For professional heating installation service in Salem, OR, make your first call to Comfort Flow Heating. We’ve offered excellent service for furnaces since 1961.


Continue Reading

The Original Valentine’s Day Greeting Cards

Friday, February 14th, 2014

It’s hard to imagine Valentine’s Day without the traditional greeting cards, whether accompanying a gift of flowers and candy, or sent between children in a school room. For commercial greeting card companies, February 14th is as important to them as the December holidays, Easter, and Mother’s Day.

Valentine’s Day as a celebration of romantic love predates printed greeting cards by a few centuries. In fact, the reason that sending romantic greeting cards became popular was because of the most un-romantic thing you can imagine: a reduction in postage rates.

In 1765, Parliament authorized the creation of “Penny Posts” that used a uniform rate of one old penny per letter throughout Great Britain and Ireland. Printers took advantage of the ease with which people could send letters to each other on Valentine’s Day by crafting cards with love poems on them. Many of these verses were collected in 1797 in the book The Young Man’s Valentine Writer, which was a resource for the lover with a romantic soul but not the most confident poetry style.

By the mid-19th-century, the Valentine’s Day greeting card was flourishing across England. Although people still followed a tradition of creating handmade Valentine’s Day cards from lace, ribbons, and flowers, commercially produced cards now overtook them. In 1835, the English post office mailed 60,000 valentines. As production expenses dropped, the English card manufacturers branched out creatively with humorous and sometimes vulgar cards… many of which we would find startlingly familiar in the 21st century. One of the common jokes on these cards was to design them to look like marriage certificates or court summons.

Across the Atlantic, the United States was slower to embrace the popular British custom. It wasn’t until 1847 that a U.S. printer mass-produced greeting cards for Valentine’s Day. Only two years later, American journalists noted how rapidly people in the country had embraced the tradition, turning into a fad that has never died down. The woman who printed the first U.S. Valentine’s Day card, Esther Howland, is today recognized by the Greeting Card Association with the annual “Esther Howland Award for a Greeting Card Visionary.”

The greeting card industry certainly has reason to thank Ms. Howland. Her idea of going into business printing romantic greeting cards, which came to her after she received a traditional English valentine when she was 19 years old, now sells 190 million cards in the U.S. every year. That number doesn’t include the smaller exchange cards used in elementary school classrooms, which would swell the number to 1 billion. (Who receives the most Valentine’s Day cards each year? Teachers!)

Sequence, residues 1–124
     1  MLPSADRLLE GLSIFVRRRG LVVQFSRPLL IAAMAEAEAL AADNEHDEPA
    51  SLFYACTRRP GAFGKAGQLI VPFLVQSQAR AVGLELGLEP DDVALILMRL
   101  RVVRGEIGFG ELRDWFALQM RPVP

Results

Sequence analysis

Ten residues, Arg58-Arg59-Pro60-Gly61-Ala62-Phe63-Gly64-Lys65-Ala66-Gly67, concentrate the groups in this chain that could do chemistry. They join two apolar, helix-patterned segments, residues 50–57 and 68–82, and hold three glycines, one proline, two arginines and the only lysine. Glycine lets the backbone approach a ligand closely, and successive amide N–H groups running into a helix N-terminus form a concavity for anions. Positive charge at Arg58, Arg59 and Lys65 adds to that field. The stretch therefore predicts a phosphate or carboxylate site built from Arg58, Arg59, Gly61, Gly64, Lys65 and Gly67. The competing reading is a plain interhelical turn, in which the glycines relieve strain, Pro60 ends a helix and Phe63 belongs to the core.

Whether you send out Valentine’s Day cards—handmade, store-bought, digital—or not, we at Comfort Flow Heating hope you have a happy February 14th.

Continue Reading

Why You Should Choose a Company with a Long History for Heating Repair

Thursday, February 6th, 2014

When you are looking for a contractor for your heating repair needs, you should look for more than just a contractor with the appropriate licensing. Although you should rely on a contractor with NATE-certified heating repair technicians on staff (the only industry-wide accepted certification), you should make your preferred choice a contractor who also has many years of experience in the business to back up that certification.

We’ll explain why looking for a long-lived Salem, OR heating contractor is so important for your repair needs. At Comfort Flow Heating, we take pride in our long history of excellent heating service, and we believe you will find our work will live up to your high expectations.

Why a company with a long history is your best option:

  • Experience – Education (and NATE-certification) are very important. However, a contractor with the finest training available, but only a few months of hands-on work will be at a disadvantage compared to someone who has already spent years of providing heating repair. An experienced heating contractor can use a storehouse of knowledge to make every repair job the best it can possibly be.
  • Community trust – When you find a contractor with decades in the business, it is almost always a sign that the contractor has built up tremendous trust within the local community for honesty, reliability, and high-quality repair.
  • Technological development – HVAC technology has advanced tremendously over only the last 10 years, let alone 50. A long-lived company will know the importance of staying on the edge with the newest innovations, but will also know how to apply repairs to older models.

You will be hard-pressed to find a company with more experience in professional heating services in Salem, OR than Comfort Flow Heating. We have served more than 20,000 homeowners over more than 50 years in the business, and we have always remained dedicated to staying at the forefront of new HVAC technology. We not only hire NATE-certified technicians, we hire only the best. Don’t entrust your vital heating repairs to contractors with only a few years of work to their credit: call on Comfort Flow Heating.

Continue Reading